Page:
Daniel Kirk has been offering a fantastic survey of what the Bible says about homosexuality, contextualizing it in the context of ancient patriarchy, which considered it shameful for a man to take on characteristics of weak, passive females. In his latest post, he notes the modern tendency to read Romans 1:27 as a reference to sexually-transmitted diseases. And yet that is very unlikely in its ancient context. And so he comes up with a better interpretation:
Click through to read the entire post, and indeed the whole series.
The idea that men “receive in themselves the due penalty” is a rather literal and graphic depiction of what a first century Roman would consider to be “shameful” in a same-sex encounter. The “due penalty” is the shame that comes from being penetrated itself.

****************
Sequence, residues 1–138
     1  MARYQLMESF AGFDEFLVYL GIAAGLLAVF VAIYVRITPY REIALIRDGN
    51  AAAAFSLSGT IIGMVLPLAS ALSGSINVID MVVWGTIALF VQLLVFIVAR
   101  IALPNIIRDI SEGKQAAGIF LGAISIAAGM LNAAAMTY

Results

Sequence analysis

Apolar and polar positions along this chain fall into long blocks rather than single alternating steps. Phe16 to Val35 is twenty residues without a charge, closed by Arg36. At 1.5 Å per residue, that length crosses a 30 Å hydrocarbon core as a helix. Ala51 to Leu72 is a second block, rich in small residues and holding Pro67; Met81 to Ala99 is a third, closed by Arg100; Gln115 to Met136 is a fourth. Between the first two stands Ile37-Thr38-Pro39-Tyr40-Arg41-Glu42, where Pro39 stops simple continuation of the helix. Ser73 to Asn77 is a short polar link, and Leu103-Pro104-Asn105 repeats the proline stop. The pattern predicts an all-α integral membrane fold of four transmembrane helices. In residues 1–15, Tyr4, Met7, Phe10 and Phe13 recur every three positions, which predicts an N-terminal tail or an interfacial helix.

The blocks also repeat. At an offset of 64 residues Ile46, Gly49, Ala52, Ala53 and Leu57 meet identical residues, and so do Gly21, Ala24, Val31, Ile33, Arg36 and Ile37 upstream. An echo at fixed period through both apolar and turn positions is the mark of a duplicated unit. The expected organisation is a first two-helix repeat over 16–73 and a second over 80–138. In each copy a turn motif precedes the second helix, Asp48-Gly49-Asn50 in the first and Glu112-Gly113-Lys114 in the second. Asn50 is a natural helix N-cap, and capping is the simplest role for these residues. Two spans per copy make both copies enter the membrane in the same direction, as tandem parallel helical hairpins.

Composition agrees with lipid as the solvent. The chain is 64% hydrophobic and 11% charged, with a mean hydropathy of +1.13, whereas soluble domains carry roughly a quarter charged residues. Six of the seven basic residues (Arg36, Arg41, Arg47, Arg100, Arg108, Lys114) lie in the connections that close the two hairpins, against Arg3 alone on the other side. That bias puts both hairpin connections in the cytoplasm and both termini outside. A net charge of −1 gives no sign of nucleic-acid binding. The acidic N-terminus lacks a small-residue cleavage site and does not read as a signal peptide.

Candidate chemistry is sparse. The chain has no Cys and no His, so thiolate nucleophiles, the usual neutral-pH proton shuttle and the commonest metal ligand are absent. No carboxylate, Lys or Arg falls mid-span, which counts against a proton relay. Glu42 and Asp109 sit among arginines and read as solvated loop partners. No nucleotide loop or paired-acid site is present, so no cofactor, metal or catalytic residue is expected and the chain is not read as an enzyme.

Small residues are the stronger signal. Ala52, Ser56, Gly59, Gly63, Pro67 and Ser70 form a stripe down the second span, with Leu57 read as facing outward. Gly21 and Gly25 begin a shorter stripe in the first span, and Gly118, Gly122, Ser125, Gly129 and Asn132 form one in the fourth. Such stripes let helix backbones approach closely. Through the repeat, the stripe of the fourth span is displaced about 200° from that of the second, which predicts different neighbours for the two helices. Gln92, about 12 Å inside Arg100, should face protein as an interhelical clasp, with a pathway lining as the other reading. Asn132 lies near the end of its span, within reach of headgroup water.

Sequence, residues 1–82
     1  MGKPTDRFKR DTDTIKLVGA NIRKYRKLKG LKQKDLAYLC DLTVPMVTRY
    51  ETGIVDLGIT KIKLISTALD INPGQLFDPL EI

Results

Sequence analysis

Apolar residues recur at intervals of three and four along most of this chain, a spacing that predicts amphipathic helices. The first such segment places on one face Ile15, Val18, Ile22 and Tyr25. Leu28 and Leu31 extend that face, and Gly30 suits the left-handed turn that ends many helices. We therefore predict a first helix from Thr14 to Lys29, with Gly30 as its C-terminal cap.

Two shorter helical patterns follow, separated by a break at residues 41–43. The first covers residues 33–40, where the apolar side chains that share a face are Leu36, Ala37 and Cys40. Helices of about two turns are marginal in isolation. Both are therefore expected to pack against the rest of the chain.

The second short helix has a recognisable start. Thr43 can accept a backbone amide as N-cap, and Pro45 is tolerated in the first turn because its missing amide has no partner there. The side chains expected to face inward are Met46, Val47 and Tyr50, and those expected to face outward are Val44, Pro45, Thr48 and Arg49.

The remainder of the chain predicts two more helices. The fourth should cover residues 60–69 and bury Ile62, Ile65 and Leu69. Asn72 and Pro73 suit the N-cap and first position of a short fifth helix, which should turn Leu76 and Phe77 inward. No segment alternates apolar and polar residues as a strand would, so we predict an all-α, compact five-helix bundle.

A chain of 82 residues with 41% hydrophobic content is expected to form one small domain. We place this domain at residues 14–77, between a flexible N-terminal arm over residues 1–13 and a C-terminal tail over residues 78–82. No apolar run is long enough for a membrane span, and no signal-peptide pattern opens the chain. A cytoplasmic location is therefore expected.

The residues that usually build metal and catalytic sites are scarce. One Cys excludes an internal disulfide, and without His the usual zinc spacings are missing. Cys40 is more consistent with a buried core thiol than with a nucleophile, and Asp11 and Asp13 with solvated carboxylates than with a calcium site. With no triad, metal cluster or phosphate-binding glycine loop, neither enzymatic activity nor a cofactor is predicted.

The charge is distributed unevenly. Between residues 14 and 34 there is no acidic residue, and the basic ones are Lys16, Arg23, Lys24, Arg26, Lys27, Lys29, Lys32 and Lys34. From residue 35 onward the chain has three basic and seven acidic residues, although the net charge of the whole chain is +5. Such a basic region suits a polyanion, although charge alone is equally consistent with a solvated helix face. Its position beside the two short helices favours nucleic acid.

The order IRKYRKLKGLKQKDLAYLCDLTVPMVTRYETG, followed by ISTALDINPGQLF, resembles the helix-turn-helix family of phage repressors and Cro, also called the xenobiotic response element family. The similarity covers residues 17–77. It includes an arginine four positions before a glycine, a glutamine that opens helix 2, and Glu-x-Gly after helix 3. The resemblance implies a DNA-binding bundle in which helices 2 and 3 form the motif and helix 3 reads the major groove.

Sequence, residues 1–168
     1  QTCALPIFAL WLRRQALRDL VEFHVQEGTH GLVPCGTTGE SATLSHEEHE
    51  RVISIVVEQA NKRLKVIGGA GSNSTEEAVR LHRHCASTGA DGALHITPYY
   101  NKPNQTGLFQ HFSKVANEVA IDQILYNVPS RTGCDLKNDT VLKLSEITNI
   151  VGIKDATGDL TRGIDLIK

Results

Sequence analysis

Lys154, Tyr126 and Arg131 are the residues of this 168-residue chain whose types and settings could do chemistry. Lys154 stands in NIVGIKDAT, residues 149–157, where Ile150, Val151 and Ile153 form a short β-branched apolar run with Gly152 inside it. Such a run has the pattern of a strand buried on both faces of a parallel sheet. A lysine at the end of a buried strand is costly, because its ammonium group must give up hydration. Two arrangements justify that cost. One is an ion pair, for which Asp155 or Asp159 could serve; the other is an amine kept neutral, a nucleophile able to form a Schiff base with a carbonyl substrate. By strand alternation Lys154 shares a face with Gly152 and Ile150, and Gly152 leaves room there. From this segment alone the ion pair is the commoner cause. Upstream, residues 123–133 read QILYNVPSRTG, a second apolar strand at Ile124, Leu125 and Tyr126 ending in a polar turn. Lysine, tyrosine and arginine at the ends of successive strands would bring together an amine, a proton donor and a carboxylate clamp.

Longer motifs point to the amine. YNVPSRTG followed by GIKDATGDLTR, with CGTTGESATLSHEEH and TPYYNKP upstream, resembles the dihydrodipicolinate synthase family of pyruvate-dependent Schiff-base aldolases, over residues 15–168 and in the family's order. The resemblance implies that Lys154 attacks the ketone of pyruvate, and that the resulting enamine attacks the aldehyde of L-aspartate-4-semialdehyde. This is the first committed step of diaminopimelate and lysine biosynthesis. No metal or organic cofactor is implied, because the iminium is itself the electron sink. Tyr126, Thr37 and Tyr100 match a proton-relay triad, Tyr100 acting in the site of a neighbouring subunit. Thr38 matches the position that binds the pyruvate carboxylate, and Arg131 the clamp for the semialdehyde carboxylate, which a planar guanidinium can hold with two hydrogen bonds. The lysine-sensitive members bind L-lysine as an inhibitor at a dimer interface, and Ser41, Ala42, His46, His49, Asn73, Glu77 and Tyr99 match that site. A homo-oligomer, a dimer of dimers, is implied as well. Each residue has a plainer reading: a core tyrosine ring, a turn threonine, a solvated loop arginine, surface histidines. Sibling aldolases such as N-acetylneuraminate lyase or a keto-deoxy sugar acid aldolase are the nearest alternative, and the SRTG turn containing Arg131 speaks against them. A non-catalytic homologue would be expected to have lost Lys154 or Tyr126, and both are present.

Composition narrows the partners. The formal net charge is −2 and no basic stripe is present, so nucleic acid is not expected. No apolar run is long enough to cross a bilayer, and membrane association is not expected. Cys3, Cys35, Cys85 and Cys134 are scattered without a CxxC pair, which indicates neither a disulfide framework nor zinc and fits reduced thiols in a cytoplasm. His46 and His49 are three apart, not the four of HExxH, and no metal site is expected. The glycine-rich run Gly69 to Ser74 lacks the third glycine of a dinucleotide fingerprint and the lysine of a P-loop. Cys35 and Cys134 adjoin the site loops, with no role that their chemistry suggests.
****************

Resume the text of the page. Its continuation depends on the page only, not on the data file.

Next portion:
In an honor/shame culture the shame arises from having one’s position undermined through one’s own actions or the actions of another. In this case, being the passive partner in a same-sex encounter makes a man play the part of a woman, a degrading of his standing–because women were thought to be inferior to men.
Of related interest, see Jeremy Smith’s post interacting with me and others on the idea that Paul, in Romans 1, is quoting or mimicking a viewpoint that others hold which is not his own.